News / Opinion / Columns

Martin Williams
2 minute read
15 May 2019
9:35 am

Our teachers and schools aren’t fit for sex education

Martin Williams

Studies have found South African teachers unable to understand what they teach, including simple arithmetic and language.

Image: iStock

Despite an unconvincing denial by the basic education department, there are plans to spruce up sex education for pre-adolescent children.

At what age that includes masturbation lessons remains unclear. Unsurprisingly the Sunday Times report, “Sex lessons for modern Grade 4s …” provoked outrage, ridicule and a touch of humour.

In a variation of an old Smirnoff advertisement, one nine-year-old says to another: “I thought Wankeng was a place in China, before I started Grade 4.”

How shocking that a child of that age would know anything about China.

After all, South African kids are among the world’s dunces. A Progress in International Reading Literacy Study (Pirls) report in 2016 showed 78% of South African Grade 4 children cannot read for meaning in any language. Bottom of the class, internationally.

We also specialise in pit latrines and teenage pregnancies. At last count there were 3,898 pit latrines in SA schools. Some have proved fatal. In 2017 there were more than 97,000 births to teenage mothers in South Africa, according to StatsSA. More than 3,000 of these girls were aged between 10 and 14. The number of abortions for teenage mothers is unclear, but there is much sexual activity among schoolchildren.

Not all the biological fathers in these instances are schoolboys. There are reports of teachers impregnating schoolgirls.

Now Life Orientation textbooks have been overhauled to be more relevant for pupils. The basic education department reportedly hired “celebrity sex therapist” Dr Marlene Wasserman (Dr Eve), among others, to help develop a “cutting-edge” life orientation curriculum for grades 4 to 12.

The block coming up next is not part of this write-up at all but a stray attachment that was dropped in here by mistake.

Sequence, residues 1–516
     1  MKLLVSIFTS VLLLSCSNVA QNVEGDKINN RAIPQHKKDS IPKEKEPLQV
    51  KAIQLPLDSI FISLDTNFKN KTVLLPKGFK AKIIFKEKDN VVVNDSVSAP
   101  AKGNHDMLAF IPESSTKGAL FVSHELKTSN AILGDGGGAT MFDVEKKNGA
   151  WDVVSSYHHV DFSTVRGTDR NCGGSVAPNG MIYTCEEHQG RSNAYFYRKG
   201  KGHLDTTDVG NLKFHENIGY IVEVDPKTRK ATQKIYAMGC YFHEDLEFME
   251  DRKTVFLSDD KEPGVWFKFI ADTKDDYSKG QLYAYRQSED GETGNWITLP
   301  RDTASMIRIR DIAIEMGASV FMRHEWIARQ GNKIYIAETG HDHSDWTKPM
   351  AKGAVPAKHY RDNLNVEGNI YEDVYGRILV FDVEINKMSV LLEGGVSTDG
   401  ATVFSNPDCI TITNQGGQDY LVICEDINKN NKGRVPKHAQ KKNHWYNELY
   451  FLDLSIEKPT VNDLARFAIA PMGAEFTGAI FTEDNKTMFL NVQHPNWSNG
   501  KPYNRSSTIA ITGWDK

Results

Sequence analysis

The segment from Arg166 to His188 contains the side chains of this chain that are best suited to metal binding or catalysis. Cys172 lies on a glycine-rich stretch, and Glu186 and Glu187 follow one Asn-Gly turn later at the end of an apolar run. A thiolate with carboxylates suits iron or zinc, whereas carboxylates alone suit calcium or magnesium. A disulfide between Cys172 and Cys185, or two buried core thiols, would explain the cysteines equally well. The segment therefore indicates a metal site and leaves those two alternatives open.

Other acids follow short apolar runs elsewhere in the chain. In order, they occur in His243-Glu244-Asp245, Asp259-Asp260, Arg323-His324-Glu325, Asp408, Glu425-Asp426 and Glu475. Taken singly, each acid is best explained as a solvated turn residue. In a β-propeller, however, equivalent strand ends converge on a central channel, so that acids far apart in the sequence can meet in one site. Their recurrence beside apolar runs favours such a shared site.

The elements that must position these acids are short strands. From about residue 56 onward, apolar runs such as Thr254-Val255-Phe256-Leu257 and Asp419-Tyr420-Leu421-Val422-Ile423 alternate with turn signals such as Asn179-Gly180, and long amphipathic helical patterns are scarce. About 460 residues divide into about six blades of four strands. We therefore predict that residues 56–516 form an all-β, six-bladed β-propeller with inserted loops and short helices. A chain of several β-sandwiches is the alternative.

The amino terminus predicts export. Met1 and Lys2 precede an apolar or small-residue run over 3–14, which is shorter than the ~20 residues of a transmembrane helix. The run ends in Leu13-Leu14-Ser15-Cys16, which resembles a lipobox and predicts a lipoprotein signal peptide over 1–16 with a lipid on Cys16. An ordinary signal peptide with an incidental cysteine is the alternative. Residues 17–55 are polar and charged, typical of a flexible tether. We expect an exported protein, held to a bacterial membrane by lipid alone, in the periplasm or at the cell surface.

Not everyone agrees that young children should be taught at school about masturbation. Even supporters of sex education must concede that priorities seem skewed when kids aren’t learning to read properly.

The hype about a cutting-edge curriculum ignores the quality of teaching. While many teachers are of the highest calibre, there are problems, including sexual abuse, absenteeism and alcohol consumption.

Last month Basic Education Minister Angie Motshekga expressed concern that the trend of teacher absenteeism is growing. Studies have found teachers unable to understand what they teach, including simple arithmetic and language. Yet the SA Democratic Teachers’ Union consistently refuses competency tests for members.

So the question arises, are SA teachers in general capable of implementing cutting-edge sex education? If neither the teachers nor the children are up to scratch, how will they interpret lessons that begin with a yoga pose and a “mindfulness exercise” and proceed to masturbation.

Crime in schools is part of the mix and this insecure environment is an obstacle to the fourth industrial revolution. It’s not conducive to healthy sex education. The combination proposed free tablet devices and masturbation classes prompted this tweet: “Result? Kids wank to internet porn. Such progressive thinking”.

Is a cutting-edge curriculum designed by celebrity sex therapists appropriate here, given the state of SA schools?

Martin Williams, DA councillor and former editor of The Citizen.

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